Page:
Jainism (), traditionally known as Jain Dharma, is an ancient Indian religion. Followers of Jainism are called "Jains", a word derived from the Sanskrit word jina (victor) and connoting the path of victory in crossing over life's stream of rebirths through an ethical and spiritual life. Jains trace their history through a succession of twenty-four victorious saviours and teachers known as tirthankaras, with the first being Rishabhanatha, who is believed to have lived millions of years ago in Jain tradition, and twenty-fourth being the Mahāvīra around 500 BCE. Jains believe that Jainism is an eternal dharma with the tirthankaras guiding every cycle of the Jain cosmology.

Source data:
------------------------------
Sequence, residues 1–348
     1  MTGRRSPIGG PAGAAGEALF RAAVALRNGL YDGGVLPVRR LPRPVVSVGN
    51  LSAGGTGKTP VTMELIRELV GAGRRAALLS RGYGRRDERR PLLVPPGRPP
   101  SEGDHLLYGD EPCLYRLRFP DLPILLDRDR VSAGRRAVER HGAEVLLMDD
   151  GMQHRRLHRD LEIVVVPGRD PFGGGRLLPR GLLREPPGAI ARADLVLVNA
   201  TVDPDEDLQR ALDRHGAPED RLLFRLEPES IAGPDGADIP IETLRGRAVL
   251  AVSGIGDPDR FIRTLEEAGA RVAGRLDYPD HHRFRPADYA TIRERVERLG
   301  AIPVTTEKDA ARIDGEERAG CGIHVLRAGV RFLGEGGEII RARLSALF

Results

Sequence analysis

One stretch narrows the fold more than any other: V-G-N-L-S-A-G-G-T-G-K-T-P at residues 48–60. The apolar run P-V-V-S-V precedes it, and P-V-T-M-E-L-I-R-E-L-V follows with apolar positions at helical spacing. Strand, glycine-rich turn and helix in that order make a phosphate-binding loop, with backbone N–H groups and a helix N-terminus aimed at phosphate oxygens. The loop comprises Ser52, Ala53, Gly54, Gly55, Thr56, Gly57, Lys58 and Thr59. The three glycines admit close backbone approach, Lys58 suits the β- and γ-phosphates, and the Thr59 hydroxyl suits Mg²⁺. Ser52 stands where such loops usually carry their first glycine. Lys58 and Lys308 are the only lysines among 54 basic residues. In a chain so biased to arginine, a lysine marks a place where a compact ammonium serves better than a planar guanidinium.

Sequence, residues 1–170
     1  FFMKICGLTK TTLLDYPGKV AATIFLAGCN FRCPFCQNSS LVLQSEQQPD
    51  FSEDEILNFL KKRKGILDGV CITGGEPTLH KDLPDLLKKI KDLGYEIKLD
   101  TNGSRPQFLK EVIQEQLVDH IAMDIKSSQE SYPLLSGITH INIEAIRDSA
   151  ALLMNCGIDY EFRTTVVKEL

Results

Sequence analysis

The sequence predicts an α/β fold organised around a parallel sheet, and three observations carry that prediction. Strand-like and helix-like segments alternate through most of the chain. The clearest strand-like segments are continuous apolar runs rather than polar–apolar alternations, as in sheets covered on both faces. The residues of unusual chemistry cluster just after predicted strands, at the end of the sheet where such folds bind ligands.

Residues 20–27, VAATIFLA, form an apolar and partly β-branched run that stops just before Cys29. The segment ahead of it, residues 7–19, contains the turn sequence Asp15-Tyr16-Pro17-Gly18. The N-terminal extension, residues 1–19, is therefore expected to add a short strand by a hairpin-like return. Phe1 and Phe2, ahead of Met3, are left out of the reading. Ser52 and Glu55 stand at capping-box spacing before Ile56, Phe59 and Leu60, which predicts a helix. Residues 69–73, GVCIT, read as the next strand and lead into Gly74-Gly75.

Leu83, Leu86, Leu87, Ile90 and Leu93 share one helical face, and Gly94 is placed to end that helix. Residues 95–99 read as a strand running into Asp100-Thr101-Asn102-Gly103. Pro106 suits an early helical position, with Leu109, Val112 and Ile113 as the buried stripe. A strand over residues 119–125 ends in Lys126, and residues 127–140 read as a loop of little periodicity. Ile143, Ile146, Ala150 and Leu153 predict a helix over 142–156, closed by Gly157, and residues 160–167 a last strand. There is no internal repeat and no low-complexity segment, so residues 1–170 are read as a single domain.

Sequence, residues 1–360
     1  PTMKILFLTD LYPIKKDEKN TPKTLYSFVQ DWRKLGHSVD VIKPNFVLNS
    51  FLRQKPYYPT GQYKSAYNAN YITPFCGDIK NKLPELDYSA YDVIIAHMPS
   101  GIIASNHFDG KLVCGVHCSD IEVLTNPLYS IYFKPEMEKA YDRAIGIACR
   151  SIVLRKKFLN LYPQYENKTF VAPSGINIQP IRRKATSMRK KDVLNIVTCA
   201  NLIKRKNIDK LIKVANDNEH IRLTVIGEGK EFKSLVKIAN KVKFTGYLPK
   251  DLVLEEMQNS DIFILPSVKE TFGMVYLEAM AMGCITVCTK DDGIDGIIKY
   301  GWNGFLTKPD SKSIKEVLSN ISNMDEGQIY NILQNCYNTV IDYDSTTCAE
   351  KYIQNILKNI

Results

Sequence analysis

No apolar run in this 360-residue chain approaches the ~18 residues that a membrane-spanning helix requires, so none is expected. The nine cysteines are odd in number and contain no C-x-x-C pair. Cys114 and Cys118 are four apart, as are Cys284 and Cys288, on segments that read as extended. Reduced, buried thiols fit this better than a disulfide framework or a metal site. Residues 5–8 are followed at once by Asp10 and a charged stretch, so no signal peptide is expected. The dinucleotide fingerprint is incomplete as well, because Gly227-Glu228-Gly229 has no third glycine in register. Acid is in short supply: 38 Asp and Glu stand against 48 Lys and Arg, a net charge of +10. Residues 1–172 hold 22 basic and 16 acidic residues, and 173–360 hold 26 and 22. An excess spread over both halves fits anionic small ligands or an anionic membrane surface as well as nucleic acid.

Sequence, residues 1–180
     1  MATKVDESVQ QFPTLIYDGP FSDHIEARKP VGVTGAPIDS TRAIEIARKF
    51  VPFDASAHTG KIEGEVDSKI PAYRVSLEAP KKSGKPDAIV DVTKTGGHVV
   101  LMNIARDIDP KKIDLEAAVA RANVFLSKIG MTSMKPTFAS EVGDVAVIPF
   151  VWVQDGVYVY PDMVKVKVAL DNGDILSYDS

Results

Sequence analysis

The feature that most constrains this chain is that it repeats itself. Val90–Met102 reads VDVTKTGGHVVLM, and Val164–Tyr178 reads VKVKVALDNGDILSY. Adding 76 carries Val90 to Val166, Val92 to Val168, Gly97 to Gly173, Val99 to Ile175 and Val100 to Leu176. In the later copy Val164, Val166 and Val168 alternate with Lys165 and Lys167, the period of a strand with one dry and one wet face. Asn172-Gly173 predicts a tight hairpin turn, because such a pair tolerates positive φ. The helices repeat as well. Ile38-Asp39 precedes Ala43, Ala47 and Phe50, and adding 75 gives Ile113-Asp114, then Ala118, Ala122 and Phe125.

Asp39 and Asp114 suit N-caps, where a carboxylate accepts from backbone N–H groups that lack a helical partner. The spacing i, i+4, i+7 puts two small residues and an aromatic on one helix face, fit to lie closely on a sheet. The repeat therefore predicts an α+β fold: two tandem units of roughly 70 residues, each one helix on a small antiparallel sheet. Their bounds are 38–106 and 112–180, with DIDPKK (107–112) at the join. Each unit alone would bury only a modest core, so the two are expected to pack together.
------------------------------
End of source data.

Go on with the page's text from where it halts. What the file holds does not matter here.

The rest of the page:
The main religious premises of Jainism are ahiṃsā ("non-violence"), anekāntavāda ("many-sidedness"), aparigraha ("non-attachment") and asceticism. Jain monastics, renunciants, and devout householders take five main vows known as vratas, outlined in their oldest surviving text, the Acaranga Sūtra: ahiṃsā ("non-violence"), satya ("truth"), asteya ("not stealing"), brahmacharya("celibacy or chastity"), and aparigraha ("non-attachment"). These principles have impacted Jain culture in many ways, such as leading to a predominantly vegetarian lifestyle that avoids harm to animals and their life cycles. Parasparopagraho Jīvānām ("the function of souls is to help one another") is the motto of Jainism. Ṇamōkāra mantra is the most common and basic prayer in Jainism.